How to Study

‘How to Study’ is one of those questions that has no fixed answer, meaning how you study is predicated by ‘what you are studying’,  ‘when you are studying’ and ‘what you are studying for…’.

Expanding further, how you study will depend not only the subject of your focus but whether or not you are studying for an exam and how long you have left.

Hence the strategies you employ for learning will differ according to subject type, exam date and your grade target.

Study is about transferring large quantities of information from source  into your head, processing that information in such a way so that it remains stored in your memory, ready for application as and when needed — more specifically for exams.



The real challenge in studying for most students is to manage large quantities of diverse subject matter in the shortest time possible, in an efficient and effective way that facilitates understanding to a level of top quality performance.

This simply means that study so that you can meet the highest, most difficult, exam challenge.

Settling down to a regular habit of effective study is not easy.

It requires discipline and conscious effort, but once you succeed in taking those initial steps, regular quality study will become second nature.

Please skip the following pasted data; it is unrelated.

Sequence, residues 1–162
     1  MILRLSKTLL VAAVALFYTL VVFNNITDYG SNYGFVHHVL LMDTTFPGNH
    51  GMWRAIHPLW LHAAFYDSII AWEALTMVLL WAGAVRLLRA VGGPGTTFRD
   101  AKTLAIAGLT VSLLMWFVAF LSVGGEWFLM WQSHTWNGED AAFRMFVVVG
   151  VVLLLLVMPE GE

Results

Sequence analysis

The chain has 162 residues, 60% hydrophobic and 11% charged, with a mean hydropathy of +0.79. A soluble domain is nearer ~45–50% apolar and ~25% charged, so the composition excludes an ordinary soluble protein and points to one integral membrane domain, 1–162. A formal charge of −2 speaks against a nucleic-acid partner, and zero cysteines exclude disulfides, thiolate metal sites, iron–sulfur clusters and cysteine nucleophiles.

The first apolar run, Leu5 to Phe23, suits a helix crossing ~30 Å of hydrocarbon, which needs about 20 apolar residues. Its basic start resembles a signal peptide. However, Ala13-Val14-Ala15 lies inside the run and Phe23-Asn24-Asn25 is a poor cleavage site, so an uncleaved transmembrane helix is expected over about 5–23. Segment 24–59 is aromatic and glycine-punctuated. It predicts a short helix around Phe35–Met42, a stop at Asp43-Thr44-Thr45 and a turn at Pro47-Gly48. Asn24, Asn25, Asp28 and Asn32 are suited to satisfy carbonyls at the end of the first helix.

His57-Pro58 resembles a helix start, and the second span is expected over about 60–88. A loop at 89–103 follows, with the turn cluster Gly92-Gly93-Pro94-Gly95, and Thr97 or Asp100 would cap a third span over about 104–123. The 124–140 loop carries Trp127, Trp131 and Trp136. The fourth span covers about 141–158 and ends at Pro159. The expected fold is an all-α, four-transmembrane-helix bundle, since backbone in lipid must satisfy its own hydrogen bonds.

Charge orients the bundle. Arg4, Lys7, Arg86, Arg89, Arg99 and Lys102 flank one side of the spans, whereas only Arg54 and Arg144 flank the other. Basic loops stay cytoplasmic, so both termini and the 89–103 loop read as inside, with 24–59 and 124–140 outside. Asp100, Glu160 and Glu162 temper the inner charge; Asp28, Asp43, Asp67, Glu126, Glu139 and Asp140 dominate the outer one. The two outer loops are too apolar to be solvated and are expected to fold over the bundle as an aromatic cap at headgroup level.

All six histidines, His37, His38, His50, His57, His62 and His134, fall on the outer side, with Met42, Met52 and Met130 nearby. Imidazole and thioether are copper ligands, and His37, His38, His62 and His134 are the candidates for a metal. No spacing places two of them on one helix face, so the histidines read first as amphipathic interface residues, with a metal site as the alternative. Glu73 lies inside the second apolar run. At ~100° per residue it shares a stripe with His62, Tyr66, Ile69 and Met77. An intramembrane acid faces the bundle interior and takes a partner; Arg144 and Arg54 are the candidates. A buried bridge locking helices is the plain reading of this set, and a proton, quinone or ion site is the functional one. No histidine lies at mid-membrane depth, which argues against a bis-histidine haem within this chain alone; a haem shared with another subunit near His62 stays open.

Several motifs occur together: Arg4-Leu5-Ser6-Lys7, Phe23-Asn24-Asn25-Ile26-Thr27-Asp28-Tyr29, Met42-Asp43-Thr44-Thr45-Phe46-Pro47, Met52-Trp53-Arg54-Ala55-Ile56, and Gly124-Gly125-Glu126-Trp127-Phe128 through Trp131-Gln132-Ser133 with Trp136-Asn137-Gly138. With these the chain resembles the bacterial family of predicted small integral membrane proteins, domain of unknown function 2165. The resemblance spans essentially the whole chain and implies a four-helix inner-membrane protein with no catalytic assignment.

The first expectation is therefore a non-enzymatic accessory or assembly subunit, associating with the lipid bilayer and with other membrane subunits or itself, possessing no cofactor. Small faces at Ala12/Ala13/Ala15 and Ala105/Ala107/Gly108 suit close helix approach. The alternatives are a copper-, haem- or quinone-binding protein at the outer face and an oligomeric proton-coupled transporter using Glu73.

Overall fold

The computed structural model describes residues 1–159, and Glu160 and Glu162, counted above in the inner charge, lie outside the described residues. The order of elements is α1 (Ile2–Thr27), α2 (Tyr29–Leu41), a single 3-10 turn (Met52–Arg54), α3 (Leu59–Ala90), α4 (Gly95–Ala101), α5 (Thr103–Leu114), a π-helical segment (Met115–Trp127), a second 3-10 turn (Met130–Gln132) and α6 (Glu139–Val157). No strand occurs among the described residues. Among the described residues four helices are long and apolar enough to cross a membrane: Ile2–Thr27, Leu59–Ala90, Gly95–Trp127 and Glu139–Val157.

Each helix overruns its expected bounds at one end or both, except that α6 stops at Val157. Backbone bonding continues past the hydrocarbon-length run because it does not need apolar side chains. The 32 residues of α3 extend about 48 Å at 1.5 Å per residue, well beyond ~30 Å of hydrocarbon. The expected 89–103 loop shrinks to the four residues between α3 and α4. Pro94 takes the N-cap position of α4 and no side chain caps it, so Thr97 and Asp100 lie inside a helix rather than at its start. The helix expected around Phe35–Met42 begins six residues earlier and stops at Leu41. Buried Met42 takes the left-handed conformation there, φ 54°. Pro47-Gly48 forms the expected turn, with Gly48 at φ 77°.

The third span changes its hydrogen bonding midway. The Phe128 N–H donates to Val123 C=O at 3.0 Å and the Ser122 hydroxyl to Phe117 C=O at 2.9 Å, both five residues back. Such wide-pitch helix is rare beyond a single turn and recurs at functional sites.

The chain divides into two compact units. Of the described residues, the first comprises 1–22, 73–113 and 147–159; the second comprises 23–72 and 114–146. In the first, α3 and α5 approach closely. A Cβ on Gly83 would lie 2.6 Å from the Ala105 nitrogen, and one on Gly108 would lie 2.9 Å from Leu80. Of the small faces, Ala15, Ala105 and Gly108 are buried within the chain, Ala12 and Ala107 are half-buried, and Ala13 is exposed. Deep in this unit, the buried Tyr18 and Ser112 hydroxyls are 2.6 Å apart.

What matters is that you learn to manage your time by prioritizing study, making timetables and schedules of work, suited to your level of work and the nature of what you are studying.

General rules of thumb that are expanded on in other Top Grade Student articles include:

  • Studying in short chunks preferably of 20-40 minute duration
  • Studying in a suitable environment free from distraction, with suitable lighting, furnishing and study space
  • Exercise before, during and after study that includes getting some fresh air, stretching, going for walks for short intervals
  • Eating small meals when you feel hungry, rich in vitamins
  • Drinking water, but as and when needed
  • Dissipating your worries by studying during either early hours, when you can’t do much except study — or listing your concerns on paper
  • Converting any notes into your words
  • Assigning specific folders and exercise books to each topic
  • Focusing on the most demanding and challenging concepts work first
  • Using a variety of tools to learn, memorize and represent the information you learn that is suited to your learning style and is yet broad based in using visual, auditory and kin aesthetic tools
  • Re-enforcing what you learn through interaction with other students
  • Associating what you learn with what you know already
  • Regular monitoring and measurement of what you learn through tests and mock examinations

Further Help is available in our Education Newsletter (Top Grade Student box on right).

Detailed Help coming soon. Keep an eye on this space.

Comments or questions are welcome.

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